What’s black, white and rufous all over? The spotted towhee.
This bird has a black head, neck and back with white spots and white wing bars. The sides are rufous colored. Females are similarly but duller colored.
They are here year-round and commonly found in your backyard under or near bushes and shrubs.
The spotted towhee split from the Eastern towhee in 1995. The spotted towhee has more white spots on wings and back. Their calls are similar enough to both being referred to as “drink-your-tea.” And so, a group of towhees is called a “teapot”. Or a “tangle” referring to their affinity for thick shrubbery.
These birds are omnivores meaning they eat everything. During spring and summer, they eat lots of insects: beetles, ladybugs, crickets, grasshoppers, caterpillars, moths, bees, and wasps. Great to have around your garden! They scratch in the leaf litter for millipedes, sowbugs and spiders. Berries and seeds round out their diet. Towhees use a two-footed backward scratch in the leaf litter to uncover their food, then pounce on what they find. This scratching behavior earned them the nickname of “ground robin.”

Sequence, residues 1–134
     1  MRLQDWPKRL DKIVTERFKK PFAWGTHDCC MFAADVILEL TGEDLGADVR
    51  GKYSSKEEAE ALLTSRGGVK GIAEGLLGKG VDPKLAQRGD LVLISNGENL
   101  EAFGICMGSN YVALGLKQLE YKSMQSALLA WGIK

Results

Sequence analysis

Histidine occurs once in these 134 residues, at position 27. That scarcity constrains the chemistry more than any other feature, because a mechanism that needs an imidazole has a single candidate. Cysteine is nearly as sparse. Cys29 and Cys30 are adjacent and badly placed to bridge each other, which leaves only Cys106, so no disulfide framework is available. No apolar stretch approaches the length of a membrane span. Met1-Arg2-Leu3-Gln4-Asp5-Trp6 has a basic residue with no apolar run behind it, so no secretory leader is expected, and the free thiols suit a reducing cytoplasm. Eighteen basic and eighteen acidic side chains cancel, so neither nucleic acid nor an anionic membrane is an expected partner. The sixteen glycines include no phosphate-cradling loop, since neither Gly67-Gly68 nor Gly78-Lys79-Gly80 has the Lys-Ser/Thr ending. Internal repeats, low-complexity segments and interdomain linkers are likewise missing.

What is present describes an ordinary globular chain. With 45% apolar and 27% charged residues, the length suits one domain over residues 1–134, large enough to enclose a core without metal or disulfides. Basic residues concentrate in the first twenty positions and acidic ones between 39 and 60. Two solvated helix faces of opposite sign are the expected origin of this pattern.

In the breeding season, male spotted towhees will sing almost all morning long to attract a mate. When he has found his mate, singing takes second fiddle to more important duties.
Spotted towhees nest on or near the ground. Dry leaves, stems and strips of bark start forming the nest. It is then lined with fine materials like grasses, pine needles and hair. If the nest is on the ground, the nest is built into a depression so the rim of the nest is at or slightly above ground level. She will lay 3-6 eggs in 1 or 2 broods per season. Incubation and nesting take about 25 days. The fledglings leave the nest but stay with the parents for a short time.
If you see a spotted towhee carrying around a stick, bark or leaf and there is another male nearby, the one with the stick is submissive. When disturbed, towhees flick their wings when perched and flash the white corners of their tails.
To attract these birds, sprinkle seed on the ground near bushes. Seed mixes that include sunflower, cracked corn, peanut hearts, millet and milo are good choices. They will run out from under cover to eat and scurry back to where it is safe. And they will keep the insects under control!
The oldest known spotted towhee was 11 years old when recaptured during banding operations.
Tri County Wildlife Care, a local nonprofit started in 1994, is dedicated to the rescue and rehabilitation of our native wildlife and helping our community live in balance with wildlife. They envision a world where wildlife and people thrive together. For more information call (209) 283-3245, or visit pawspartners.org.